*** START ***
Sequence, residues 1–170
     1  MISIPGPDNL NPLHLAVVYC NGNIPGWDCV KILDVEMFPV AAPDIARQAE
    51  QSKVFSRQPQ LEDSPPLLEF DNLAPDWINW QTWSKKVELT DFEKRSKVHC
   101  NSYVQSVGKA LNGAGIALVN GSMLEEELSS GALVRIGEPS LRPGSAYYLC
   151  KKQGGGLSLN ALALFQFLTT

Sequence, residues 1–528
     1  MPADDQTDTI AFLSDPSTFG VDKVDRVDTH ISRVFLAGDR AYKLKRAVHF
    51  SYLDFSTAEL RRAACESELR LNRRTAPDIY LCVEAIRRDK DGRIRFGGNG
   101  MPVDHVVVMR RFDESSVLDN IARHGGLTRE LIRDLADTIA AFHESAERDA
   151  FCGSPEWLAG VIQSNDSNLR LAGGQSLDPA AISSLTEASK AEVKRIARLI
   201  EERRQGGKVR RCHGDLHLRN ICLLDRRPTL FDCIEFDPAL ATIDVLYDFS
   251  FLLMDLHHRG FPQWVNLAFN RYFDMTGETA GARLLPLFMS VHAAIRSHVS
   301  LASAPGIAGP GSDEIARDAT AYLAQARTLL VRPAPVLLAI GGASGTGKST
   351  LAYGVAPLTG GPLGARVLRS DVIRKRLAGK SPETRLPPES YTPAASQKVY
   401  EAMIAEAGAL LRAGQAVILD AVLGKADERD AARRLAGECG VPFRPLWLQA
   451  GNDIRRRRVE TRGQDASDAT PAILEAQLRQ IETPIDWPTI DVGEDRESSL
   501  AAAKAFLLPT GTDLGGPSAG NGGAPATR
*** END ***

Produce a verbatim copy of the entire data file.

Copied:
Sequence, residues 1–170
     1  MISIPGPDNL NPLHLAVVYC NGNIPGWDCV KILDVEMFPV AAPDIARQAE
    51  QSKVFSRQPQ LEDSPPLLEF DNLAPDWINW QTWSKKVELT DFEKRSKVHC
   101  NSYVQSVGKA LNGAGIALVN GSMLEEELSS GALVRIGEPS LRPGSAYYLC
   151  KKQGGGLSLN ALALFQFLTT

Sequence, residues 1–528
     1  MPADDQTDTI AFLSDPSTFG VDKVDRVDTH ISRVFLAGDR AYKLKRAVHF
    51  SYLDFSTAEL RRAACESELR LNRRTAPDIY LCVEAIRRDK DGRIRFGGNG
   101  MPVDHVVVMR RFDESSVLDN IARHGGLTRE LIRDLADTIA AFHESAERDA
   151  FCGSPEWLAG VIQSNDSNLR LAGGQSLDPA AISSLTEASK AEVKRIARLI
   201  EERRQGGKVR RCHGDLHLRN ICLLDRRPTL FDCIEFDPAL ATIDVLYDFS
   251  FLLMDLHHRG FPQWVNLAFN RYFDMTGETA GARLLPLFMS VHAAIRSHVS
   301  LASAPGIAGP GSDEIARDAT AYLAQARTLL VRPAPVLLAI GGASGTGKST
   351  LAYGVAPLTG GPLGARVLRS DVIRKRLAGK SPETRLPPES YTPAASQKVY
   401  EAMIAEAGAL LRAGQAVILD AVLGKADERD AARRLAGECG VPFRPLWLQA
   451  GNDIRRRRVE TRGQDASDAT PAILEAQLRQ IETPIDWPTI DVGEDRESSL
   501  AAAKAFLLPT GTDLGGPSAG NGGAPATR